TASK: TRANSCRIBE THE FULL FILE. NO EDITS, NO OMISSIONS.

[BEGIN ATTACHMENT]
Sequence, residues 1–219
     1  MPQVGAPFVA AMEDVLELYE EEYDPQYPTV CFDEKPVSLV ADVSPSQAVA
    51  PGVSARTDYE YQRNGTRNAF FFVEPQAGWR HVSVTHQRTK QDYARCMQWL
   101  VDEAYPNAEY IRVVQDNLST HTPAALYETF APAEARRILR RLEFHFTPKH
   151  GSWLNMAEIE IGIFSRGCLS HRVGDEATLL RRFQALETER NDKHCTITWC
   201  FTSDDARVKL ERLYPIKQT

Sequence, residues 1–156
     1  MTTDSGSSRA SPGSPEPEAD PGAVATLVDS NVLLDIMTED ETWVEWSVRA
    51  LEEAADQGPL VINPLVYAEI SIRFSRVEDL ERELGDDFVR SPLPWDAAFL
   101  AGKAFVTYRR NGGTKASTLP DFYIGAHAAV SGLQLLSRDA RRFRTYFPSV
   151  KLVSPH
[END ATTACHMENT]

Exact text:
Sequence, residues 1–219
     1  MPQVGAPFVA AMEDVLELYE EEYDPQYPTV CFDEKPVSLV ADVSPSQAVA
    51  PGVSARTDYE YQRNGTRNAF FFVEPQAGWR HVSVTHQRTK QDYARCMQWL
   101  VDEAYPNAEY IRVVQDNLST HTPAALYETF APAEARRILR RLEFHFTPKH
   151  GSWLNMAEIE IGIFSRGCLS HRVGDEATLL RRFQALETER NDKHCTITWC
   201  FTSDDARVKL ERLYPIKQT

Sequence, residues 1–156
     1  MTTDSGSSRA SPGSPEPEAD PGAVATLVDS NVLLDIMTED ETWVEWSVRA
    51  LEEAADQGPL VINPLVYAEI SIRFSRVEDL ERELGDDFVR SPLPWDAAFL
   101  AGKAFVTYRR NGGTKASTLP DFYIGAHAAV SGLQLLSRDA RRFRTYFPSV
   151  KLVSPH